Performance Video 101


Performance Video 101

March 13, 2017

A performance-based strategy will help brands achieve more on YouTube through relevance. YouTube itself validated the performance-based concept when it announced that it was dropping unskippable 30-second ads.

Moving to all skippable ads makes sense for YouTube users, who are long accustomed to being able to choose their content. If they can skip to the content they want to watch, they should also be able to choose the ads they wish to watch. Skippable ads are simply part of the construct of YouTube.

While so many marketers shudder at the concept that their ads will be skipped, we’re here to tell you that giving consumers the choice to watch you or not will improve your campaign metrics.

Herein lies where you can YouTube better than YouTube itself: adopt a performance-based strategy by marrying the large scale of TrueView with precision targeting. This approach enables the marketer to personalize messaging and target campaigns to those viewers that are most relevant to them. If the viewer chooses to watch, they (obviously) deem the message more relevant to their experience. Adding the layer of precision targeting on top of TrueView is how you get results.

The proof is in the pudding. Campaigns exposed to performance-based YouTube ads see a 57% lift in consideration, and 65% boost in brand awareness.*

One mainstay of television advertising that applies to the digital world is that quality content will get viewed. But “quality” isn’t the same as “viral.” Yes, those viral ads certainly deliver for their brand. Brands shouldn’t seek to be breakout YouTube stars. Instead, precision targeting, personalization, localization and messaging that is relevant to the consumer experience will deliver campaign success.

Here are some ideas on how to YouTube better than YouTube with Performance Video:

  1. Localize: Through connecting with consumers in the construct of the real world in which they live, with locations and offers that are locally relevant.
  2. Personalize: Render as many personalized messages you need to in the ad, but do so at scale, making the messaging more relevant.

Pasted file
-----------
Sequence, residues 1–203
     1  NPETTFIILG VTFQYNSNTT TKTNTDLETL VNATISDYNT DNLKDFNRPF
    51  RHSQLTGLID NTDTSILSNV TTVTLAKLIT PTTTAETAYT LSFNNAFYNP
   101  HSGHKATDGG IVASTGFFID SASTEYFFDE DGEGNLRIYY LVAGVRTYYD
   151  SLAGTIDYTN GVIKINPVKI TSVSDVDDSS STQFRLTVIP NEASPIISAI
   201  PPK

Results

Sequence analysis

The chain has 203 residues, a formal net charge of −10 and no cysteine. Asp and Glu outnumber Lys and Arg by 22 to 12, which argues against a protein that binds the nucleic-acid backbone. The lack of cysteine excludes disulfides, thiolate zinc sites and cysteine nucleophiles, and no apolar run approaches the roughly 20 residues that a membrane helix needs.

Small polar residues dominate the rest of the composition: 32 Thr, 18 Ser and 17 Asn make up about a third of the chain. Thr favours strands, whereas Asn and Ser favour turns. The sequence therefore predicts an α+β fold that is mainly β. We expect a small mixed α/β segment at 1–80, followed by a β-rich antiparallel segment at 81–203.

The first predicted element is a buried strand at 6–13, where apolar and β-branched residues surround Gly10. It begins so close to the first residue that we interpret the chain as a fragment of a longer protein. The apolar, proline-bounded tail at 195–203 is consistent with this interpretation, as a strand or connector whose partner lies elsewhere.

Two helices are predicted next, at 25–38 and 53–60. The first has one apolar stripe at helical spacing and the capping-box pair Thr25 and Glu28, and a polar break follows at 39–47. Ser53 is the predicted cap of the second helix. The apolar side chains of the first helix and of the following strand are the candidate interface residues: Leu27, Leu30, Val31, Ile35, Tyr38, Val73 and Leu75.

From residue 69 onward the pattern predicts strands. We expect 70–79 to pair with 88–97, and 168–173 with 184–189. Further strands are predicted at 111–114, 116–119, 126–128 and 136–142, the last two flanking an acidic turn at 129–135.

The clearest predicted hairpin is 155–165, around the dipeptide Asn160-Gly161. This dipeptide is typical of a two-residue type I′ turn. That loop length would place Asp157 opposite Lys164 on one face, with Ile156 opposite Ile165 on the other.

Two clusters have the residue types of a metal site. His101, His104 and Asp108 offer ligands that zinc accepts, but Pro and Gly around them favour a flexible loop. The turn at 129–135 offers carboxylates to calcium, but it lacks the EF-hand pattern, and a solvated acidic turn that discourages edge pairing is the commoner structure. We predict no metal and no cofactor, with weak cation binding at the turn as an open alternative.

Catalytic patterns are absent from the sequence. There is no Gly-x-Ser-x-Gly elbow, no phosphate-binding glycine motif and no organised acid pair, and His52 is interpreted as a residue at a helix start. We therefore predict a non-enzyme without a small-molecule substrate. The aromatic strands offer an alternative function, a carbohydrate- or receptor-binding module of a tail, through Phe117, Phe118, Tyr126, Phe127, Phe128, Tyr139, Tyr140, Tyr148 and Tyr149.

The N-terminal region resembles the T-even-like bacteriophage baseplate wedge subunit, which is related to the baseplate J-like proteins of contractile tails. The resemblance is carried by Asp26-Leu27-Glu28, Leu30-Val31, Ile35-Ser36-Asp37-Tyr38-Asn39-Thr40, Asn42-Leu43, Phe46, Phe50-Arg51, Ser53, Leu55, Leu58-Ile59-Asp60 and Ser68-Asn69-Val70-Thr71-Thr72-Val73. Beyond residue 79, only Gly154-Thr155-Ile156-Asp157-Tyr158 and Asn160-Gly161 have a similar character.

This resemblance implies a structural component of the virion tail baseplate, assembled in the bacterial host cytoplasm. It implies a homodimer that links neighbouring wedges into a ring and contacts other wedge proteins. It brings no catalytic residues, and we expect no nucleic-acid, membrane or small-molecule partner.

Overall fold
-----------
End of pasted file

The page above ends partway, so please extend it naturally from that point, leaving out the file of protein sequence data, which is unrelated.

3. Optimize: Verify campaign performance with industry metrics from Nielsen DAR and other industry standards

*SOURCE: Sightly performance metrics, 2016

Evolution of TV Measurement, #TheStruggleisReal


Evolution of TV Measurement, #TheStruggleisReal

March 03, 2017

“Media buyer and seller negotiate inventory price” is a sentence that has about as much charisma as “Dog bites man.” But for those of us in media, we all know #thestruggleisreal. Getting on the same page requires established metrics from which pricing can be developed and performance measured. Seems simple, but it is no easy task in today’s increasingly chaotic media environment.

That’s why we spoke with Gerard Broussard, principal of Pre-Meditated Media. Gerard outlined his thoughts on the need for both a primary and secondary currency to get buyers and sellers on the same page in today’s market. You can listen to his thoughts in full here:



As Gerard says, “TV is probably trying to reinvent itself to look more like digital…and digital wants to be able to look a little bit more like TV as far as being able to sell the currency that is applied to television.”

Many measurement services are creating this combined “digital and TV” market, such as Nielsen (Total Content Ratings) and comScore and Rentrak (combined digital/video ratings). But, for the time being, media professionals will be “living in the two-platform measurement world” according to Gerard.

Survey research has had a wider audience than usual these past few months, given the blowback on panels and surveying. So we asked Gerard for his thoughts on the evolution of measurement techniques. He feels panels will continue to have a role, given the need for a person’s estimate (versus a household estimate).

“…maybe that will form a primary currency, and all these other measurement devices will form the secondary currency that the buyer and seller can use to negotiate the price and value of the inventory,” he said.